Visualize Whirled Peas

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Okay, you know I mean “World Peace,” right?

When I opened the “add new post” window just now, and the blank form was staring at me, demanding to be filled in so I can keep up with this 30-day blog challenge (this is day 20 of 30!), my mind simply said:  “Well? What’re you gonna write about today?”

And the subject line just came to me in a flash, like a wonderful inspiration: Visualize Whirled Peas!

I probably should’ve thought of this on Earth Day last week, but as my fifth grade teacher, Sister Mary Joseph, always said: Better late than never! (And then she’d mumble the postscript: “And better never late.” Which left us scratching our young heads in puzzlement.)

The line “Visualize Whirled Peas” was on a bumper sticker I saw years ago, I think it must’ve been in the early or mid-1990s. Wow, last century!

But it reminds me now of how often we mis-communicate without intending to. Obviously, a pun or double-entrendre is meant to be a word play that gives you pause, perhaps makes you chuckle as you “get it” and then you go on about your day.

Yet so many times we don’t understand each other and we act on our mis-understanding. Then we can’t figure out why the other person is so annoyed or even angry at what we’ve done. This happens at work a lot, and usually supervisors and managers learn to put in place a system for verifying that each person on their team understands what they are supposed to be doing. They use follow-up memos and meetings to be sure everyone is on track. Clear communication is the key to getting the work done correctly.

And that’s fine for an office or factory where you expect to have at least a binder or two stuffed with all the rules and regs laid out for you.

In our personal relationships? It gets trickier. Nobody likes to be “told” what they are supposed to be doing.  Usually spouses and kids bristle at what sounds like a lot of rules and “you should”s. So we have to sneak them into a conversation, and using humor is often a great way to do that smoothly.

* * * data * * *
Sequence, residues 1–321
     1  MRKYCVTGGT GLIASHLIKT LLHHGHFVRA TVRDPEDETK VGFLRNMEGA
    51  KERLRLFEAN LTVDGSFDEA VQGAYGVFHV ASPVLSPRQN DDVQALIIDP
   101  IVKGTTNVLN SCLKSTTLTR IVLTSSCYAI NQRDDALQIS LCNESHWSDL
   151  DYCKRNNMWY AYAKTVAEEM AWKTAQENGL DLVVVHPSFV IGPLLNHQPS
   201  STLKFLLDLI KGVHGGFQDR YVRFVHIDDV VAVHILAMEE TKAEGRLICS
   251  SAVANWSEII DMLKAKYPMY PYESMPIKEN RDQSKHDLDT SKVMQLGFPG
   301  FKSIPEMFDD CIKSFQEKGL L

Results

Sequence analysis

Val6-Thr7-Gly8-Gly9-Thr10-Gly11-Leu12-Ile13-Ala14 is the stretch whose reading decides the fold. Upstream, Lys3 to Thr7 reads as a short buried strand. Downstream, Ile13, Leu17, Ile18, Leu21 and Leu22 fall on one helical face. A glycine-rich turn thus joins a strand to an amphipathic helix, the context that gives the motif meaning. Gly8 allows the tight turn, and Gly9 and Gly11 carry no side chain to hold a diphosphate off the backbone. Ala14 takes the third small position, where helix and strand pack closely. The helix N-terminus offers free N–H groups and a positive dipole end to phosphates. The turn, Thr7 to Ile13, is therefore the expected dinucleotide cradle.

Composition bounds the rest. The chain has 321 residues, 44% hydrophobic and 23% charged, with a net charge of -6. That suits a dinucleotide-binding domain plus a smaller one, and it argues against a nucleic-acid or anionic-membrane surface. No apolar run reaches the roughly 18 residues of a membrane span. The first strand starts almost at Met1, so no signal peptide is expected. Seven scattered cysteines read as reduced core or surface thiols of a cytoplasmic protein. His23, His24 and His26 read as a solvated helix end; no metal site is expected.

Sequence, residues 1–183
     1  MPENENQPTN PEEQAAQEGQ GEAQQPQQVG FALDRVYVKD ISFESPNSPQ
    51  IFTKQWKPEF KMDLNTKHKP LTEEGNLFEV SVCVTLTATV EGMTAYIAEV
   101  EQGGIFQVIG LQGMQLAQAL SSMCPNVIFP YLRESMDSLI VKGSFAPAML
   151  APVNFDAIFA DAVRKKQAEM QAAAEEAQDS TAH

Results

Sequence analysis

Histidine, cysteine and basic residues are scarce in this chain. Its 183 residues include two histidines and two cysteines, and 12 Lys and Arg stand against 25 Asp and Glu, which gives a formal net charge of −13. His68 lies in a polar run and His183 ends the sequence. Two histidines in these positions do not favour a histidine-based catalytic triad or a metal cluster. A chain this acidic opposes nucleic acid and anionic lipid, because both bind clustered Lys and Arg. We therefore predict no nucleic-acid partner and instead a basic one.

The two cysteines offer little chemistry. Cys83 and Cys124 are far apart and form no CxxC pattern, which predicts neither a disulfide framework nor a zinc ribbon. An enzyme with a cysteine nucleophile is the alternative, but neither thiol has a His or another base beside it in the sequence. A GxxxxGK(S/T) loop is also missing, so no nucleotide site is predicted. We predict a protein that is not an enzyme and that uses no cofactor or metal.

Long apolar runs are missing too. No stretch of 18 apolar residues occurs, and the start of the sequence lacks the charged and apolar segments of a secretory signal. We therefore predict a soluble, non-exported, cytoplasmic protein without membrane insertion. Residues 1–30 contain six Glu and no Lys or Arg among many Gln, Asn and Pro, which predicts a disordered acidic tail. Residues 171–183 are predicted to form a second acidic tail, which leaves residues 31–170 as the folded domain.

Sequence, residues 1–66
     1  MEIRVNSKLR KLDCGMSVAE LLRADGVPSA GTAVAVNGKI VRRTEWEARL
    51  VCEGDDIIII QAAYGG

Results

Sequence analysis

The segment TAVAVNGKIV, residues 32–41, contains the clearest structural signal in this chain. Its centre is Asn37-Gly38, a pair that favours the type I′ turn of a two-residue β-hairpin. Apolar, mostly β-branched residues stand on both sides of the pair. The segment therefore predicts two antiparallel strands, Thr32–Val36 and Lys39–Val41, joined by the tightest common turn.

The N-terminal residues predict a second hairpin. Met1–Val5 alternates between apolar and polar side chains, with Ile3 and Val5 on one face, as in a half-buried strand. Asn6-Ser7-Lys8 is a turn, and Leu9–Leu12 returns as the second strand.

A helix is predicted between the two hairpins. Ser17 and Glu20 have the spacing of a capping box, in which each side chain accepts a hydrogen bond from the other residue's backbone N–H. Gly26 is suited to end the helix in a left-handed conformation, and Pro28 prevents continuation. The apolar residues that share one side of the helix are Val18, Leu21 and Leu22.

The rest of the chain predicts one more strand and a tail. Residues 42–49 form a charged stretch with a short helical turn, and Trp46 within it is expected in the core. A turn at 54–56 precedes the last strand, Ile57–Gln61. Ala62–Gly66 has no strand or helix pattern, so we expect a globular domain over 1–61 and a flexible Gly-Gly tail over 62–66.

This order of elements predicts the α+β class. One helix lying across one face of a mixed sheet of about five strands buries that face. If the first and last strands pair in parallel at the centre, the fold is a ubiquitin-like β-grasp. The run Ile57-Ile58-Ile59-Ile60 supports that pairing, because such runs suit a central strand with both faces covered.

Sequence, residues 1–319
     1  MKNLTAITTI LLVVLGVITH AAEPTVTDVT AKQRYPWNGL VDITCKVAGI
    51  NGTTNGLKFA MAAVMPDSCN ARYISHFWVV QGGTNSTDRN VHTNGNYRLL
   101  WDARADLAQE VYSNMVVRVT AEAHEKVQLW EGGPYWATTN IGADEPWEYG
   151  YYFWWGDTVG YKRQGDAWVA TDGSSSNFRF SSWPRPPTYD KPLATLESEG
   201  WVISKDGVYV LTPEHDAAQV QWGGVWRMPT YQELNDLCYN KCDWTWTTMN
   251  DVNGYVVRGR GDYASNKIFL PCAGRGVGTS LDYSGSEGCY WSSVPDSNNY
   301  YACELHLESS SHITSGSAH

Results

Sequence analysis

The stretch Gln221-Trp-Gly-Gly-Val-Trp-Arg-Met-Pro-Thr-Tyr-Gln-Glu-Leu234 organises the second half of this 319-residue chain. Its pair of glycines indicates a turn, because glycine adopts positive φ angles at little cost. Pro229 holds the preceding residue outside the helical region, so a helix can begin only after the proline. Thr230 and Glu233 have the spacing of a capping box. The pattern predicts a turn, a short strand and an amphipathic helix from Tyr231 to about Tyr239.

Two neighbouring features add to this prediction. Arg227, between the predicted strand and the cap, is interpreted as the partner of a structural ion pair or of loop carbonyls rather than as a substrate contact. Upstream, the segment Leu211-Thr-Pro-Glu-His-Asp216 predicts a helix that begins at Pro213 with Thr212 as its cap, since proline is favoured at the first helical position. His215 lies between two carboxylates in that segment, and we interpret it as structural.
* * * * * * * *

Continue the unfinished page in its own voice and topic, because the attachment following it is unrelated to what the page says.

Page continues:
Next time you need to communicate something to your mate, for example, and you know it’s a hot topic, why not pave the way with something light? Just because the topic is a heavy one doesn’t mean you have to treat it with a long face and somber mood. Keep it “light and polite” — say something like, “Hey honey, you know how I always seem to have a lot of drama in my life? Could you indulge me for five minutes after dinner and let me tell you the latest big deal I’ve got going on in my life. I’d really appreciate your input!”

Take a moment and think how you’d react if someone approached you that way, compared to suddenly blasting you with a problem at the end of the day, just as you reached for the remote to turn on your favorite TV show after dinner.

Choose your timing, speak up, don’t apologize for feeling upset about an issue but don’t over-dramatize it, be willing to see their viewpoint, and ask for a hug when you’re done. Also, keep it short. Sure, you’ve been thinking about this for weeks or months (or maybe your whole life, and you’ve finally dug up the courage to discuss a Big Issue) — but remember that this is your agenda. As far as the other person sees it, you’re launching a stealth missile if you blast them with an hour of complaints you’ve been brooding over.

Think it through first, then keep it to the top 2 or 3 main points you want to make.  Take a deep breath, and then do it — you’ll find that on-target communication isn’t so hard after all.

And your days of mis-communication (a huge stress builder) will come to an end.

your happiness guru,

Evelyn Brooks

Comments (2)


November 21, 2011

Alrghit alright alright that's exactly what I needed!


November 21, 2011

Alrghit alright alright that's exactly what I needed!

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